Amis on 9/11
Over at the London Times, Martin Amis, son of Lucky Jim author Kingsley, offers a discursive take on 9/11, religion and Islamism, with a brief digression on the American penchant for abbreviation. Sample:
The rolling creed we call Islamism is also an embrace of illusion, as indeed is religion itself – a massive and multiform rearguard action, so to speak, against the fact of human mortality. Our own performance, in what we may limply but accurately call the struggle against those who use terror, has also shown signs of mass somnambulism and self-hypnosis. This is true at the executive level, insofar as the Iraq misadventure (and much else) is a corollary of the neoconservative "dogma"; and it is true on the level of individual response. Six years later, we are all still learning how to think and feel about September 11.
Amis, an old hand at The New Statesman, holds no brief for the Iraq War, despite his close friendship with Christopher Hitchens, but neither does he have patience for those blinded by "moral equivalence":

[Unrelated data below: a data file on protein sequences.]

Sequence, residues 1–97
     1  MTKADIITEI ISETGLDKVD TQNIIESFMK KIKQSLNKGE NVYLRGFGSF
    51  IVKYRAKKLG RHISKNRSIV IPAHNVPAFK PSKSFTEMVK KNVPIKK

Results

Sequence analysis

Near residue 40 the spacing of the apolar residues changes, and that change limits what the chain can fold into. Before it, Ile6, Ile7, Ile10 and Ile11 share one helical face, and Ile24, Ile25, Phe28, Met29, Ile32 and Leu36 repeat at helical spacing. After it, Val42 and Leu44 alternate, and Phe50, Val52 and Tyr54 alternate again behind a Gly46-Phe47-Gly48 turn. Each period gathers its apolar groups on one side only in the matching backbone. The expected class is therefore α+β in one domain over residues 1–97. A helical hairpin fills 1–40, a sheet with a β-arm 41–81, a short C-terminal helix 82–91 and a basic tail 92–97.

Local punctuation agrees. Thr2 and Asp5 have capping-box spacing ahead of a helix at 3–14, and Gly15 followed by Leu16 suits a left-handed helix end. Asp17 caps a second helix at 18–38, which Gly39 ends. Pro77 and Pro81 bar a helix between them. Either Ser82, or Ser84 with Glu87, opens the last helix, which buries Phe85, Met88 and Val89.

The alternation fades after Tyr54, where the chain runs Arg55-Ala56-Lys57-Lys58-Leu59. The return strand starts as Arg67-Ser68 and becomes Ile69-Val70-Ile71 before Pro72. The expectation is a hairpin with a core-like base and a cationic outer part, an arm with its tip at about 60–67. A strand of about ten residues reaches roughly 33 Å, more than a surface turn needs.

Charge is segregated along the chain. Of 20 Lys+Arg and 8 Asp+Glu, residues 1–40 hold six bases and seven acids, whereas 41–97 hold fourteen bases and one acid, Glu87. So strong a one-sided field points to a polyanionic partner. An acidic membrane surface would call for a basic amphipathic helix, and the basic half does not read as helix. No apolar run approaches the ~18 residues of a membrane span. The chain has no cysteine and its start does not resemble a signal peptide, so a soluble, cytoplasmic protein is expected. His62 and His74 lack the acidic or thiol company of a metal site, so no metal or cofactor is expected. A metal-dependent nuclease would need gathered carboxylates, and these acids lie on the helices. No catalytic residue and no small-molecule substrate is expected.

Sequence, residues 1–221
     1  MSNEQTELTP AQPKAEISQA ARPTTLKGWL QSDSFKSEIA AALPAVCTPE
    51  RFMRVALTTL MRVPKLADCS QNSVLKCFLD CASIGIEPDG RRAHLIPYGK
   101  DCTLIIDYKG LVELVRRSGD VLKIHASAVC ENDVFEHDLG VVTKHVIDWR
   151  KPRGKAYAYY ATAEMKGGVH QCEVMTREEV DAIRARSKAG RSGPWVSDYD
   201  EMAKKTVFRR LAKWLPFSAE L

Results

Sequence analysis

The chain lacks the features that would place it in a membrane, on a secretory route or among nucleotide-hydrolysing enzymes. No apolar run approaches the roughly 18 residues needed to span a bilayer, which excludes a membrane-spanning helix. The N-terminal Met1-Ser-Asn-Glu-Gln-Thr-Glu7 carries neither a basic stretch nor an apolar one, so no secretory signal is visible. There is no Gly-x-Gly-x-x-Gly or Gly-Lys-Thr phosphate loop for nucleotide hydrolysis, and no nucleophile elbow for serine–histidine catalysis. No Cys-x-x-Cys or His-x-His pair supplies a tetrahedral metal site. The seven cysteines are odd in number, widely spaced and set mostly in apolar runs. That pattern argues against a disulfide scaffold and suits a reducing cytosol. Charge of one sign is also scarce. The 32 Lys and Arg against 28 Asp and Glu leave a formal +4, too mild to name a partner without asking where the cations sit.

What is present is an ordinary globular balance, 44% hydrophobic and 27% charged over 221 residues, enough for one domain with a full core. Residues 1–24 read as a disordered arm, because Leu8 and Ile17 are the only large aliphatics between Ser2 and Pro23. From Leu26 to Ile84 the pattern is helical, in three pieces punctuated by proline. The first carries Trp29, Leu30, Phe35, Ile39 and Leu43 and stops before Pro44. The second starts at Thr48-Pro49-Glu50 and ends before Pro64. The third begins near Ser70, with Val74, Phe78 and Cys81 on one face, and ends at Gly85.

The answer I gave was, I thought, almost tediously centrist. I said that the West should have spent the past five years in the construction of a democratic and pluralistic model in Afghanistan, while in the meantime merely containing Iraq… At this point I started looking from face to face in the audience, and what I saw were the gapes and frowns, not of disagreement, but of disbelief. Then a young woman spoke up, in a voice near-tearful with passionate self-righteousness, saying that it was the Americans who had armed the Islamists in Afghanistan, and that therefore the US, in its response to September 11, "should be dropping bombs on themselves"! I had time to imagine the F16s yowling in over Chicago, and the USS Abraham Lincoln pumping shells the size of Volkswagens into downtown Miami – in bold atonement for the World Trade Center, for the Pentagon, for United 93, United 175, American 11, and American 77. But then my thoughts were scattered by the sound of unanimous applause.